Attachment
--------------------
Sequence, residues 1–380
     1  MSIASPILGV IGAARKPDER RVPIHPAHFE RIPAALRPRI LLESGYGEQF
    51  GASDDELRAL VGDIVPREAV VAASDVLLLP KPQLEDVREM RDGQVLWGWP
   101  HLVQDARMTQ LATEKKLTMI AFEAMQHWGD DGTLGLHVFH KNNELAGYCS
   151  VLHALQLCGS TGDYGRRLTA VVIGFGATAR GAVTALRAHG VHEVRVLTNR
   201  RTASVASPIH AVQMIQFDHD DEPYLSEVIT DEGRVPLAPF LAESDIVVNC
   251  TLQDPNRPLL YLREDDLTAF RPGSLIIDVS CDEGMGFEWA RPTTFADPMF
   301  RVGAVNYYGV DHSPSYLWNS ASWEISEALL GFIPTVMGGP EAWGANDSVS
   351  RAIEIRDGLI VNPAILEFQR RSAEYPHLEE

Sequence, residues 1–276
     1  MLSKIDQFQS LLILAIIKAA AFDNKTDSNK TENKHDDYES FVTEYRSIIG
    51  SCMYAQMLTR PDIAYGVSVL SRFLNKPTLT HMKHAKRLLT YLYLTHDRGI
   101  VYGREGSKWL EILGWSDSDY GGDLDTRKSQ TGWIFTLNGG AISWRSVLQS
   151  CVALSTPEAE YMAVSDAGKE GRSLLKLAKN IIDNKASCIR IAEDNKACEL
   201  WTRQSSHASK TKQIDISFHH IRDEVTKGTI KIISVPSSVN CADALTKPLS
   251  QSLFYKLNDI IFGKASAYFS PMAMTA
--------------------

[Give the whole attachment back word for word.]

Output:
Sequence, residues 1–380
     1  MSIASPILGV IGAARKPDER RVPIHPAHFE RIPAALRPRI LLESGYGEQF
    51  GASDDELRAL VGDIVPREAV VAASDVLLLP KPQLEDVREM RDGQVLWGWP
   101  HLVQDARMTQ LATEKKLTMI AFEAMQHWGD DGTLGLHVFH KNNELAGYCS
   151  VLHALQLCGS TGDYGRRLTA VVIGFGATAR GAVTALRAHG VHEVRVLTNR
   201  RTASVASPIH AVQMIQFDHD DEPYLSEVIT DEGRVPLAPF LAESDIVVNC
   251  TLQDPNRPLL YLREDDLTAF RPGSLIIDVS CDEGMGFEWA RPTTFADPMF
   301  RVGAVNYYGV DHSPSYLWNS ASWEISEALL GFIPTVMGGP EAWGANDSVS
   351  RAIEIRDGLI VNPAILEFQR RSAEYPHLEE

Sequence, residues 1–276
     1  MLSKIDQFQS LLILAIIKAA AFDNKTDSNK TENKHDDYES FVTEYRSIIG
    51  SCMYAQMLTR PDIAYGVSVL SRFLNKPTLT HMKHAKRLLT YLYLTHDRGI
   101  VYGREGSKWL EILGWSDSDY GGDLDTRKSQ TGWIFTLNGG AISWRSVLQS
   151  CVALSTPEAE YMAVSDAGKE GRSLLKLAKN IIDNKASCIR IAEDNKACEL
   201  WTRQSSHASK TKQIDISFHH IRDEVTKGTI KIISVPSSVN CADALTKPLS
   251  QSLFYKLNDI IFGKASAYFS PMAMTA